J. Stuart Ablon, PhD, was named the inaugural incumbent of the Thomas G. Stemberg Endowed Chair in Child and Adolescent Psychiatry.

J. Stuart Ablon, PhD, director of Think:Kids at Massachusetts General Hospital, was honored as the inaugural incumbent of the Thomas G. Stemberg Endowed Chair in Child and Adolescent Psychiatry during a celebration on May 7, 2018, in the Paul S. Russell, MD Museum of Medical History and Innovation.

“We’ll be forever grateful to Tom for recognizing the incredible value that Think:Kids brings to children and families every day,” Dr. Slavin said.

This endowed chair was made possible through a generous bequest from Tom Stemberg. In addition to being a strong advocate for Mass General as a member of the President’s Council, Mr. Stemberg also served on the Think:Kids Advisory Council for more than a decade, where his expertise and strategic guidance helped to facilitate tremendous growth and success in all areas of the program’s mission. Following his untimely passing in 2015, the extraordinary resource that he designated was invested to create the Stemberg Chair, which honors his memory and recognizes his passion for helping children lead healthy, fulfilling lives.

Peter L. Slavin, MD, president of Mass General, opened the speaking program by praising Mr. Stemberg’s creative and incisive mind, as well as his commitment to children suffering from behavioral issues. “We’ll be forever grateful to Tom for recognizing the incredible value that Think:Kids brings to children and families every day,” Dr. Slavin said. “Because of his generosity, he helped get this program off the ground.”

Impacting Tens of Thousands

Dr. Ablon completed both his predoctoral and postdoctoral training at Mass General and Harvard Medical School, where he is now an associate professor. As director of Think:Kids, he trains parents, caregivers, schools, and youth-serving organizations around the world on how to implement the Collaborative Problem Solving (CPS) approach. CPS is a highly effective compassionate intervention that is grounded in the understanding that challenging kids lack the skill, not the will, to behave well — specifically skills related to problem solving, flexibility and frustration tolerance.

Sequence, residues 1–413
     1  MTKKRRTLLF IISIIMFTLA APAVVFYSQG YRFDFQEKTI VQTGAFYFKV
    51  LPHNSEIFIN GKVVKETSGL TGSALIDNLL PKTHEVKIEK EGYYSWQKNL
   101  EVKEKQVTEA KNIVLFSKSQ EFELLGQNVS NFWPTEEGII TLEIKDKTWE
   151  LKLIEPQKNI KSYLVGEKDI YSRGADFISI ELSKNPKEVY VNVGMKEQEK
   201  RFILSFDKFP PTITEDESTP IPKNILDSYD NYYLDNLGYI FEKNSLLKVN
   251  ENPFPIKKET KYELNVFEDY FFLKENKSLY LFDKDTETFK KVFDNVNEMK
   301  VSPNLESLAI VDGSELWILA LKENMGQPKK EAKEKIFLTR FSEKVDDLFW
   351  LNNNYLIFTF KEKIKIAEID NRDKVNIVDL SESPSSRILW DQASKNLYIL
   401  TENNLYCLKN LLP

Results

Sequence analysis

Read more about Think:Kids, a different way to help challenging kids.

Jerrold F. Rosenbaum, MD, Mass General psychiatrist-in-chief, recalled the inception of the Think:Kids program in his remarks at the celebration. He shared how even as a graduate student and junior faculty member, Dr. Ablon was at the forefront of the field: “He looked at what different psychotherapies had in common that made them therapeutic. Looking at dynamic therapy and cognitive behavioral therapy was really quite cutting-edge work at the time.”

In 2004, Dr. Ablon co-pitched the idea using the Collaborative Problem Solving approach at Mass General. Dr. Rosenbaum said, “Over time, with Stuart’s leadership, this program has become a national resource and a national model, and the source of teaching and training about this method.”

Dr. Rosenbaum noted how, today, Think:Kids impacts tens of thousands nationally and internationally and serves as a consulting resource to institutions, states, and other entities like the police force in New York City schools. “Dr. Ablon’s skills as a therapist, a teacher and trainer are truly exceptional, and his work continues to change the narrative on how kids’ conditions are understood and treated,” he said. “This will certainly make the world a better place.”

Think: Kids training “actually led across all of New York City to a 58% decline in student arrests.”

Challenging Conventional Wisdom

Closing out the speaking program, Dr. Ablon underscored the far-reaching and measurable impact of Think:Kids. “The cops in the schools in New York City would make the third largest police force in the United States of America,” he said. “And we got called in because the number of student arrests that were being made by those officers, and assaults on the officers, was just astronomical. We offered a little bit of training, disrupting their views, and offered a sort of paradigm shift about what their work was and why these kids were acting out in the first place; it actually led across all of New York City to a 58% decline in student arrests.”

Dr. Ablon reminisced about his relationship with Mr. Stemberg and the profound difference his partnership made on Think:Kids. Connecting Mr. Stemberg’s visionary leadership and success in the world of business with the program’s innovative solutions, he said, “I think Tom was so fond of our approach and our work because Think:Kids is really a disruptive program working with disruptive kids. We are really about challenging the conventional wisdom.”

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